a Pecan Shell
Once called "Skin
Tight" after the business tactics of early trader and storekeeper
Henry L. Reeves, the more acceptable name of Lone Star was submitted
when a post office was applied for in 1883. The office was granted
and Lone Star was off to a great start. With 160 people and a gristmill,
cotton gin, a sawmill, store and school, the future looked bright.
But "downtown" Lone Star burned in an 1893 fire. Rebuilding was immediate
and the town doubled its population by the mid-1890s.
But with the new century, Lone Star started to dim. In 1903 the Texas
and New Orleans Railroad bypassed the town and most residents moved
to Ponta. The 1915 population was down
to 200 and the post office closed in 1916.
Oil was discovered in 1939 and it seemed as though it might resurrect
the town, but production was anemic and hopes were dashed.
Still, 73 people remained in Lone Star through WWII.
The post-war population drifted away and except for a lone building,
and a state historical marker, Lone Star joined a long list of former
East Texas towns.
See Cherokee County 1907 postal
On FM 235, 4 miles SW of New Summerfield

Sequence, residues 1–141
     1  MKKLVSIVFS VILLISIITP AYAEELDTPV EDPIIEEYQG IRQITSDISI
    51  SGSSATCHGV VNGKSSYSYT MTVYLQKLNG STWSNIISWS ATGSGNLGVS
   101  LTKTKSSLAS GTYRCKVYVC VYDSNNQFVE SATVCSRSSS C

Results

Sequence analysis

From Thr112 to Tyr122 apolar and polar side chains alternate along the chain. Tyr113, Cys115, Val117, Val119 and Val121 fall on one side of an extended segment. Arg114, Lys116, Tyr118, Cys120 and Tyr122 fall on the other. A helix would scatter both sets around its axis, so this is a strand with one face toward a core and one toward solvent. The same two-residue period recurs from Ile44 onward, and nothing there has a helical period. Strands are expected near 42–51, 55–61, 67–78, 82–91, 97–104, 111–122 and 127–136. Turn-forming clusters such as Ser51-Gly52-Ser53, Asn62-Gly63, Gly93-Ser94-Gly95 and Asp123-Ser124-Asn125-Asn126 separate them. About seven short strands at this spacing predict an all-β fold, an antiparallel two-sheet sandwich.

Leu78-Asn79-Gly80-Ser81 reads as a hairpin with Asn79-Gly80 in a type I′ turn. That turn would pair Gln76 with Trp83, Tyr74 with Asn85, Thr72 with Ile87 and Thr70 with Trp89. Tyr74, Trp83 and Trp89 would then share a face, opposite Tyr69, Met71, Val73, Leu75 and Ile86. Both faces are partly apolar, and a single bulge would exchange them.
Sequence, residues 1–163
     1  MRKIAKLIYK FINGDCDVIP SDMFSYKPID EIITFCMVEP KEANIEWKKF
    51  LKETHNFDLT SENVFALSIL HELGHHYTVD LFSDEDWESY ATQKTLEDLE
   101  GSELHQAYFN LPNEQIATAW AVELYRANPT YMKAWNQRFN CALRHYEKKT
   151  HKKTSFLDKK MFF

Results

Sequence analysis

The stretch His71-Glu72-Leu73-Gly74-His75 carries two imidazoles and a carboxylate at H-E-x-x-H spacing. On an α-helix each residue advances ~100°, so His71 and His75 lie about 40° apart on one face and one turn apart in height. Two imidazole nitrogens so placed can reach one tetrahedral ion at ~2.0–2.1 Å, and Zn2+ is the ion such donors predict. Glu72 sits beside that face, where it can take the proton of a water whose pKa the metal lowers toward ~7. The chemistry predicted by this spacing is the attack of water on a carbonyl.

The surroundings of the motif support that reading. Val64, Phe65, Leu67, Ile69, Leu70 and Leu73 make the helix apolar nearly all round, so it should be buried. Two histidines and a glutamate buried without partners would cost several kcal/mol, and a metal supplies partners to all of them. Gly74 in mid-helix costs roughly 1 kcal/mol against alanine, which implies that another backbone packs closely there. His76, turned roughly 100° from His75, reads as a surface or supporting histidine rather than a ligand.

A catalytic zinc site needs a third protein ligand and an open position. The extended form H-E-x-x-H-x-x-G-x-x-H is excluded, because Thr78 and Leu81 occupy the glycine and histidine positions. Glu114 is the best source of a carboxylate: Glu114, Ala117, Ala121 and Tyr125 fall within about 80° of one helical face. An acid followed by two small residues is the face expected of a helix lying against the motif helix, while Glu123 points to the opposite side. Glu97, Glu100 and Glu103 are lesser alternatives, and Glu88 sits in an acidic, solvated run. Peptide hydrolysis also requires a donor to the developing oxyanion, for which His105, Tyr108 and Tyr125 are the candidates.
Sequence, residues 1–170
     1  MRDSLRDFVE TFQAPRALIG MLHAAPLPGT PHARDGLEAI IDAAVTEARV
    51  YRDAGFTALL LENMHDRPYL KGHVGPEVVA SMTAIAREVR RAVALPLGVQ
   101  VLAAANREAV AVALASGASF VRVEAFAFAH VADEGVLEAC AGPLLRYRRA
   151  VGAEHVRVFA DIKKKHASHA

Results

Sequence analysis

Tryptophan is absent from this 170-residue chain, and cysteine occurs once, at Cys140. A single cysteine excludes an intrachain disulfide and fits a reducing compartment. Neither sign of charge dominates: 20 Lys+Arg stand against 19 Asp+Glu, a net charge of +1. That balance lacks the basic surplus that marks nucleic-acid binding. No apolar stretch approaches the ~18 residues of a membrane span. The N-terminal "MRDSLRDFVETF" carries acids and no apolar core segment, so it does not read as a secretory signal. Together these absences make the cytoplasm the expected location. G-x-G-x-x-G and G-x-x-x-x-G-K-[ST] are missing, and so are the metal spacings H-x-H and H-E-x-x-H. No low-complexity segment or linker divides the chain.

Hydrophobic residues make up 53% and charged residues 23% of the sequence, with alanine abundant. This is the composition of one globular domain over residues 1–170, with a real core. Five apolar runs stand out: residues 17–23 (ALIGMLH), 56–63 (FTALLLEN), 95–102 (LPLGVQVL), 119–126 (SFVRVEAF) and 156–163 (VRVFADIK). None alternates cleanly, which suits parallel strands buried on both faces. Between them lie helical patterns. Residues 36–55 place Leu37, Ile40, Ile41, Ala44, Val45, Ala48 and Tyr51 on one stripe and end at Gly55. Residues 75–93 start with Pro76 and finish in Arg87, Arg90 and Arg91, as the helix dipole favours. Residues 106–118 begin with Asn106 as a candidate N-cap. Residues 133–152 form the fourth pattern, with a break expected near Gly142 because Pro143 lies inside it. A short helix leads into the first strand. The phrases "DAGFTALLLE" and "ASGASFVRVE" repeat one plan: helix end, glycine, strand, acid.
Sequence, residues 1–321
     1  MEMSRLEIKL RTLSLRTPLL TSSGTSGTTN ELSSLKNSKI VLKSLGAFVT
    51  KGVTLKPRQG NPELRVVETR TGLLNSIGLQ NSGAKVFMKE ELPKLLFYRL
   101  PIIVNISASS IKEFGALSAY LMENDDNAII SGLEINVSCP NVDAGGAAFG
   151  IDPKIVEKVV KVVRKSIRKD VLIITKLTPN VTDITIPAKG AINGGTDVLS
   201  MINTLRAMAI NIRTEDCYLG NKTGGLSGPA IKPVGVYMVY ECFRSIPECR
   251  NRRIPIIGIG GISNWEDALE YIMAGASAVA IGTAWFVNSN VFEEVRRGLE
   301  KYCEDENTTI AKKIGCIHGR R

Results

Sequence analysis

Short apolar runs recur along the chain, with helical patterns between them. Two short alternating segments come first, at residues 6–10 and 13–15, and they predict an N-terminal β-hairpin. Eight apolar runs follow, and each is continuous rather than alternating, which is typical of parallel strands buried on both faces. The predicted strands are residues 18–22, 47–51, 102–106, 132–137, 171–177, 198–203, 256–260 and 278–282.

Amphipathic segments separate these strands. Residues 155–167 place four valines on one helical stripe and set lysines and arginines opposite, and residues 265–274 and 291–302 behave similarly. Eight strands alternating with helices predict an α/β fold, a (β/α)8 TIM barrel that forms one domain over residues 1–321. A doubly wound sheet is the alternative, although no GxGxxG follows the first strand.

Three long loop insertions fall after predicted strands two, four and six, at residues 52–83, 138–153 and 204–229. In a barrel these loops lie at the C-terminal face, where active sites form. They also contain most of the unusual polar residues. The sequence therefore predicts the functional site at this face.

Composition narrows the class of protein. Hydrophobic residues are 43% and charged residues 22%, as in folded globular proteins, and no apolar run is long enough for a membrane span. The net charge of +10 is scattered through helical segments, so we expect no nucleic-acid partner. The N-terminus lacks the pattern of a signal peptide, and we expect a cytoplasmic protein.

The ante bellum
community of Lone Star, a center of trade, education and culture in
the 1880s, experienced its greatest growth after the Civil War. Known
first as "Skin Tight,"
it was named Lone Star when a post office opened in 1883. The town
once had several businesses, a public school, four churches, two lodges
and the Lone Star Institute. The town began to decline after a disastrous
fire in 1893. Decline continued when the T & N O Railroad bypassed
Lone Star. Hope for the community's revival died when two oil field
discoveries did not prove to be profitable.
More on Lone
Skin Tight by Bob Bowman
early 1830s, when cattle buyer Henry Reeves and his partner, a man
known only as Ball, built a store on the Rusk-Henderson road, visiting
customers started calling the settlement “Skin Tight”... more
Lone Stars by Bob Bowman
“How many towns named Lone Star are located in Texas?”
At my last count, there were ten, and six of them are in East Texas...
|1907 postal map
showing Lone Star and Ponta in Northeastern
Courtesy Texas General Land Office
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